Our K-12 education system doesn’t attract and keep enough good teachers. Almost half the states now have more administrators and support personnel than teachers, and states like Utah have been scrambling all summer to fill major teacher shortages.
So why are teachers leaving? You might guess low pay — a new report last month shows that weekly wages of teachers are 17% lower than other professionals. But teachers say it’s not just about the money. As a recent article in The Atlantic shows, good teachers quit because of overwhelming bureaucracy. They don’t feel free to do what’s right.
Consider, it takes up to 66 steps just to suspend an unruly student in NYC. Talk about stupid. One disorderly student can destroy the learning of all the other students. When almost every decision — how to teach, how to arrange the classroom, how to keep student files, how to discipline students — is dictated by rules and procedures, it’s a miracle more teachers haven’t left.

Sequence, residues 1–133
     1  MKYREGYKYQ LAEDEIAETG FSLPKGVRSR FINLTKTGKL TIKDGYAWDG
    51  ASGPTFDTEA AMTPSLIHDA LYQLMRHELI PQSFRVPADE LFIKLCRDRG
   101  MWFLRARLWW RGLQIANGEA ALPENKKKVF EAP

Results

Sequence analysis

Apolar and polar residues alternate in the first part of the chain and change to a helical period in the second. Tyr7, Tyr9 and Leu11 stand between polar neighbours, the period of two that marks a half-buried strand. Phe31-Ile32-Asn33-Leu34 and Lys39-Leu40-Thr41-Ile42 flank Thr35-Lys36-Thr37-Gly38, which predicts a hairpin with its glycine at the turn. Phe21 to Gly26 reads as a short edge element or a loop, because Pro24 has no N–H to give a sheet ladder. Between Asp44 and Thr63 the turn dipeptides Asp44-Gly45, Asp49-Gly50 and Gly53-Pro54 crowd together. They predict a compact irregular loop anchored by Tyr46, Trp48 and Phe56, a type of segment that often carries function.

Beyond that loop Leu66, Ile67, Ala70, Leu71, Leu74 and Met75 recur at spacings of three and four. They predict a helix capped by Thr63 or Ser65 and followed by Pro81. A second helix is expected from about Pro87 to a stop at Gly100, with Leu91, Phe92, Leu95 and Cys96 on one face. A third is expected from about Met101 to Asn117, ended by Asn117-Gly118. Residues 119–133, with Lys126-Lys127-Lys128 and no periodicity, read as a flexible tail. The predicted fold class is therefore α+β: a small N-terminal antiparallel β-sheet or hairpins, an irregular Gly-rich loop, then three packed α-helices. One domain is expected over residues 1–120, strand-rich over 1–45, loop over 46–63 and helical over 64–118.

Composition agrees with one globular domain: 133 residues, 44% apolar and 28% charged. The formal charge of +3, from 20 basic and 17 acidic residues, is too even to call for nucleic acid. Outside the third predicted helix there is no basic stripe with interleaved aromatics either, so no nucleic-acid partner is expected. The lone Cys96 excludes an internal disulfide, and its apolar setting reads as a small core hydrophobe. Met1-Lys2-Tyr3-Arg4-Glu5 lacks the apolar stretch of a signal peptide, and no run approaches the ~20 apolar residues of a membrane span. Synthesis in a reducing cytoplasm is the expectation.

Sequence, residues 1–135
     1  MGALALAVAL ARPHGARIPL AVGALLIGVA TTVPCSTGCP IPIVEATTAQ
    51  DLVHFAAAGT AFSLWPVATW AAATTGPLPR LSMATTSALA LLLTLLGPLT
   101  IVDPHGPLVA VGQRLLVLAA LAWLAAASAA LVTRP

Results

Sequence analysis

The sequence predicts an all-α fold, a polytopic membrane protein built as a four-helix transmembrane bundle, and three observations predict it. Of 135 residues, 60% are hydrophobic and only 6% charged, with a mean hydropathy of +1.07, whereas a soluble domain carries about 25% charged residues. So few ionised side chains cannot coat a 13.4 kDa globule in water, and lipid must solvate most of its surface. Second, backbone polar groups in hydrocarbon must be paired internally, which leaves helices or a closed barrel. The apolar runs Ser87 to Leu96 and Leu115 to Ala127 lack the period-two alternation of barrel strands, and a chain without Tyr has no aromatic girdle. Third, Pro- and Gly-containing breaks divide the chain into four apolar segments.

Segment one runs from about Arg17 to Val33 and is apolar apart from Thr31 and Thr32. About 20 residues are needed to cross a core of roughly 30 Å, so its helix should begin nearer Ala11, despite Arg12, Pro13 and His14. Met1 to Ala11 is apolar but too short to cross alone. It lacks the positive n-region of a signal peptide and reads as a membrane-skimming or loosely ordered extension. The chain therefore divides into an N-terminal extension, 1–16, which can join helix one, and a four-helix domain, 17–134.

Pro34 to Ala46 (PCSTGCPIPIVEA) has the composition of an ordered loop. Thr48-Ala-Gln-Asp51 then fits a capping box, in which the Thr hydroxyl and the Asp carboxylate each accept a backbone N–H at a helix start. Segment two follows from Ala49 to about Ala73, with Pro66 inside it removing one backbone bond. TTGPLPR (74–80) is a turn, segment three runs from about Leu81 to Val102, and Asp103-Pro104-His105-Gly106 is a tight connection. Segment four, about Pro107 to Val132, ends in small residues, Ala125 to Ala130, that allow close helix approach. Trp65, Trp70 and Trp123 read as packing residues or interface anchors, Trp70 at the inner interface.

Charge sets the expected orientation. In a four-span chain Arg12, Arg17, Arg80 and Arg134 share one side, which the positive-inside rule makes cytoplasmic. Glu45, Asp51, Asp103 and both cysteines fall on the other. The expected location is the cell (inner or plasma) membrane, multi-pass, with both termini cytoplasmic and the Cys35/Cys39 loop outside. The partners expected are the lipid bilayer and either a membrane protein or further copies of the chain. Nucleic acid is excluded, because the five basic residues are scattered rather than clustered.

This creates an entire culture of stupidity in schools: on the first day of this school year, administrators and teachers will assign seats in school buses and, in some schools, read a list of student rights and duties, such as “You may be expelled for homicide.” Meanwhile, in Finland, teachers start the school year building relationships with their students and creating a welcoming learning environment.
The only solution to a broken school environment is cutting back on bureaucracy and letting teachers do their job. The vast majority of American voters agree: a 2012 Common Good/Clarus poll found that over 80% believe schools would greatly improve if bureaucracy is cut down and teachers and principals are given more flexibility to do their jobs.
Students learn because good teachers inspire them. Smothering teacher autonomy and authority under dense bureaucracy is a formula for discouraging teachers, not inspiring them. Let’s put humans in charge again, and show students by example what it means to take responsibility!